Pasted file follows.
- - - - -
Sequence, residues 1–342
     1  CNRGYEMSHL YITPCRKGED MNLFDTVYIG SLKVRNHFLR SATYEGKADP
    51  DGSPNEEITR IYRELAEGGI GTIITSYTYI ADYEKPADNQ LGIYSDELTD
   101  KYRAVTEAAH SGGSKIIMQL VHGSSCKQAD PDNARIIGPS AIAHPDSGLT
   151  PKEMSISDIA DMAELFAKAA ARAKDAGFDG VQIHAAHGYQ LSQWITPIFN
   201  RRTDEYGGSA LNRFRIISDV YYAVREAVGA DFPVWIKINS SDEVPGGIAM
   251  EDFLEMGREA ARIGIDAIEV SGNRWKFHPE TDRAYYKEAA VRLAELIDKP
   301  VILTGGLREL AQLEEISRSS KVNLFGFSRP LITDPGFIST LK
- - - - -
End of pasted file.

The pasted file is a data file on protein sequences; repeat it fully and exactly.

Sequence, residues 1–342
     1  CNRGYEMSHL YITPCRKGED MNLFDTVYIG SLKVRNHFLR SATYEGKADP
    51  DGSPNEEITR IYRELAEGGI GTIITSYTYI ADYEKPADNQ LGIYSDELTD
   101  KYRAVTEAAH SGGSKIIMQL VHGSSCKQAD PDNARIIGPS AIAHPDSGLT
   151  PKEMSISDIA DMAELFAKAA ARAKDAGFDG VQIHAAHGYQ LSQWITPIFN
   201  RRTDEYGGSA LNRFRIISDV YYAVREAVGA DFPVWIKINS SDEVPGGIAM
   251  EDFLEMGREA ARIGIDAIEV SGNRWKFHPE TDRAYYKEAA VRLAELIDKP
   301  VILTGGLREL AQLEEISRSS KVNLFGFSRP LITDPGFIST LK